I'm submitting 2 language "tidy up" feature suggestions.
The first is to use ! as syntactical sugar for "unwrap()".
The choice of operator is simple.
It means "we're certain this will succeed" (exclamation point - slam it down)
And fits well opposing the ? operator which naturally means "we're not certain" (ie, don't panic on this one).
And it could also be "aligned with" the never operator in a way. "this never supposed to error - terminate if it does"
Though it has a different meaning on option, so maybe this would only be the case for unwrapping a result, not an option.
Rust's preferred manner of handling errors is to propagate them where possible, which is done with ?. Having to write out the longer .unwrap() is a good thing, in my opinion, as it shows a potential panic if you're wrong.
That's based on assumption that .unwrap() is somehow a flaw in the design that needs tidying up. That's not the case: .unwrap() was designed to be obnoxious on purpose, because you shouldn't use it in production code. Instead you should properly handle the errors via error propagation (?), explicit pattern matching, or error combinators.
EDIT: But I do not agree with adding a shorthand for unwrap(). It is good to have to write it (or expect()) out. While I'm fine writing unwrap()/expect(), I also wouldn't want to make it too easy or ergonomic to use. It is certainly something to use with caution.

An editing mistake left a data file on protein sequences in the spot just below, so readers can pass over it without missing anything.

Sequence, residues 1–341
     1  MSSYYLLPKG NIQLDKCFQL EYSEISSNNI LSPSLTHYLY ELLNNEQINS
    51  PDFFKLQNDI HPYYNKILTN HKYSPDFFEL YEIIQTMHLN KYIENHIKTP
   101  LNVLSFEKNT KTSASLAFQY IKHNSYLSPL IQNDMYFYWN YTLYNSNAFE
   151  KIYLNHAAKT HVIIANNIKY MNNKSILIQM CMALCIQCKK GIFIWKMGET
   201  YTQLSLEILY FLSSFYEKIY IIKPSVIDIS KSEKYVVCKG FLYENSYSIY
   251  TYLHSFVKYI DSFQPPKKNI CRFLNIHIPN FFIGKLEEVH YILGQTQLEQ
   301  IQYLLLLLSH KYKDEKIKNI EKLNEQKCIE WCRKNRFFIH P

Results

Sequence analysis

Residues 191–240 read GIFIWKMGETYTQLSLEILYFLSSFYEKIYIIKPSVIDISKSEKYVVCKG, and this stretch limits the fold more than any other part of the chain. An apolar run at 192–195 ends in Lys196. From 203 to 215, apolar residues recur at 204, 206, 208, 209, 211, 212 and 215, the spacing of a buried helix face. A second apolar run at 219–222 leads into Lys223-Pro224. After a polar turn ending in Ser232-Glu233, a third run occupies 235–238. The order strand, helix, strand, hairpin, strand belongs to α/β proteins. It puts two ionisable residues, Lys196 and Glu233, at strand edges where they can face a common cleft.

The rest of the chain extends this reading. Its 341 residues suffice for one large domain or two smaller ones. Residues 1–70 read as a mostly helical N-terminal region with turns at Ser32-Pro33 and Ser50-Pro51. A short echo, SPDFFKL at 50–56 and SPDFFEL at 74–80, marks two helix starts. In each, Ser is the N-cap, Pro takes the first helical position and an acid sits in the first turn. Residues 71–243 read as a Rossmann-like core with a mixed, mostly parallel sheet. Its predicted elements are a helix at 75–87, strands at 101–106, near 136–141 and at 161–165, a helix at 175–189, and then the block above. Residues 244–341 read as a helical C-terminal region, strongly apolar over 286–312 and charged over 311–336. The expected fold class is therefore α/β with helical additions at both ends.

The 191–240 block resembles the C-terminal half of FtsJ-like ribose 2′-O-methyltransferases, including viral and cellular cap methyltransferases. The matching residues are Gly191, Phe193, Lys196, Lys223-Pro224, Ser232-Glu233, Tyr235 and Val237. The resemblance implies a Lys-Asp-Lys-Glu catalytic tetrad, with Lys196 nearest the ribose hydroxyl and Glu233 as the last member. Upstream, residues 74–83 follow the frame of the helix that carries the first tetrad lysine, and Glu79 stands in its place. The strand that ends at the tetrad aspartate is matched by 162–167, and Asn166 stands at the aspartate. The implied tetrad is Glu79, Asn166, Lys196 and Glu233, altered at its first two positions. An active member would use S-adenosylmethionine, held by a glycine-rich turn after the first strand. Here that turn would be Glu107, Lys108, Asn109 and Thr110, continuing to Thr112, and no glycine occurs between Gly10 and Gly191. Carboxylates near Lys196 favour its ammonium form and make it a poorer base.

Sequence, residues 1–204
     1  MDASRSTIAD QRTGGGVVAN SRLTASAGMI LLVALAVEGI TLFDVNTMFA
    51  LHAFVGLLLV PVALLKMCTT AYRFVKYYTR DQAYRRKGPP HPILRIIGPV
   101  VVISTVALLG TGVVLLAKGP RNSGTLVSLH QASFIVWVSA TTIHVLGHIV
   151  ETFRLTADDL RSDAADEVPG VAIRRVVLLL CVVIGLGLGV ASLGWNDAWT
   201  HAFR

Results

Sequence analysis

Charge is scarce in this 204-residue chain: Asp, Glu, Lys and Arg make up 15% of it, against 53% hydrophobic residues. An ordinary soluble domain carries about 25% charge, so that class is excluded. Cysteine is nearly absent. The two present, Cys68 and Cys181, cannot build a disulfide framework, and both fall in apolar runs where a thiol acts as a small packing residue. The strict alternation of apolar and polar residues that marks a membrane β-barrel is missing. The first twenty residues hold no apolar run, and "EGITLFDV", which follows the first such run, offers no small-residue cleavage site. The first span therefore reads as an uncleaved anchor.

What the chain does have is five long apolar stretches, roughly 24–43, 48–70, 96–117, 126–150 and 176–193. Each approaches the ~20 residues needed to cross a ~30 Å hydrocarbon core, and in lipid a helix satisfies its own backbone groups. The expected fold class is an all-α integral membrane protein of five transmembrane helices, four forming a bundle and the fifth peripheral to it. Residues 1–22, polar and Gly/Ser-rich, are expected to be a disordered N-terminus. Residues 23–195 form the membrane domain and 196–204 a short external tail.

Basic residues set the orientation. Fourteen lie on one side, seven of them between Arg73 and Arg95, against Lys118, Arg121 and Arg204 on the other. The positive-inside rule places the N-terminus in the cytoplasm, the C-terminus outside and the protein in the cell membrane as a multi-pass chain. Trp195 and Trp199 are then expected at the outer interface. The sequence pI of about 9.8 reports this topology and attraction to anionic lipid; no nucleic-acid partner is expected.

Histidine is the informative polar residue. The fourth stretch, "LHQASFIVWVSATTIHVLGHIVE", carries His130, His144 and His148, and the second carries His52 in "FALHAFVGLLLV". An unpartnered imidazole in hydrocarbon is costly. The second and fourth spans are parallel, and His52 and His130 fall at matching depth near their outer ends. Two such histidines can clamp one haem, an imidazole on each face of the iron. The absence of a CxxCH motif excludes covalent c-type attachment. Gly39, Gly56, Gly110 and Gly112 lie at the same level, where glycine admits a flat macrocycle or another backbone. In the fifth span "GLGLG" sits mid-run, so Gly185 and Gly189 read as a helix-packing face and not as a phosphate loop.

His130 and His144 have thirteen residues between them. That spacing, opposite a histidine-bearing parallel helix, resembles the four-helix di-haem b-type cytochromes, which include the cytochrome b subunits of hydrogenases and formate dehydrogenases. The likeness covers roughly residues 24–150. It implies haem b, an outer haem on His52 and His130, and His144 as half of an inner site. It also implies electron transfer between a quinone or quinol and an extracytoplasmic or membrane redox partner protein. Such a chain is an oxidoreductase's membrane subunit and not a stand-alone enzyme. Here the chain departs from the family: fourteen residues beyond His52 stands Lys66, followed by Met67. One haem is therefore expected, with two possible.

Just as a historical note: this syntax was tossed around by the lang team prior to the 1.0 release in 2015. There was a consideration of changing the macro syntax (probably to @println instead of println!) to free up ! for this purpose. That wasn't done, and I don't think there's much appetite for this kind of change now.
Even so we have ! fixed for macros, it is still possible to use it for unwrap with a little more burden. The trick is that macros ! must be following an identifier, making it possible to enable writing (exp)! for exp.unwrap(), as well as variable.foo()! etc.
I actually do, because I often ponder offering more negated things like that.
It probably will never pull its weight enough that I'd actually propose it, but my EE brain thinks of "NAND" as one thing, and thus would sometimes like to be able to just write a !& b instead of !(a & b).